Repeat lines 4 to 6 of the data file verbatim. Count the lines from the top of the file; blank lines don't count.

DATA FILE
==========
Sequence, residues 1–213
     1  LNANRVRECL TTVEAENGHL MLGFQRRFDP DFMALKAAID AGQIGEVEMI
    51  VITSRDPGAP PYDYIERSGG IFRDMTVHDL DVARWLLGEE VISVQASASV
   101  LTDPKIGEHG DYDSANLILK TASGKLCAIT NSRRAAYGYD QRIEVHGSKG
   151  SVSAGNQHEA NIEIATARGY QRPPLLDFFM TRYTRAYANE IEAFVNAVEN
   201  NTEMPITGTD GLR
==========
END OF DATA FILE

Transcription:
   101  LTDPKIGEHG DYDSANLILK TASGKLCAIT NSRRAAYGYD QRIEVHGSKG
   151  SVSAGNQHEA NIEIATARGY QRPPLLDFFM TRYTRAYANE IEAFVNAVEN
   201  NTEMPITGTD GLR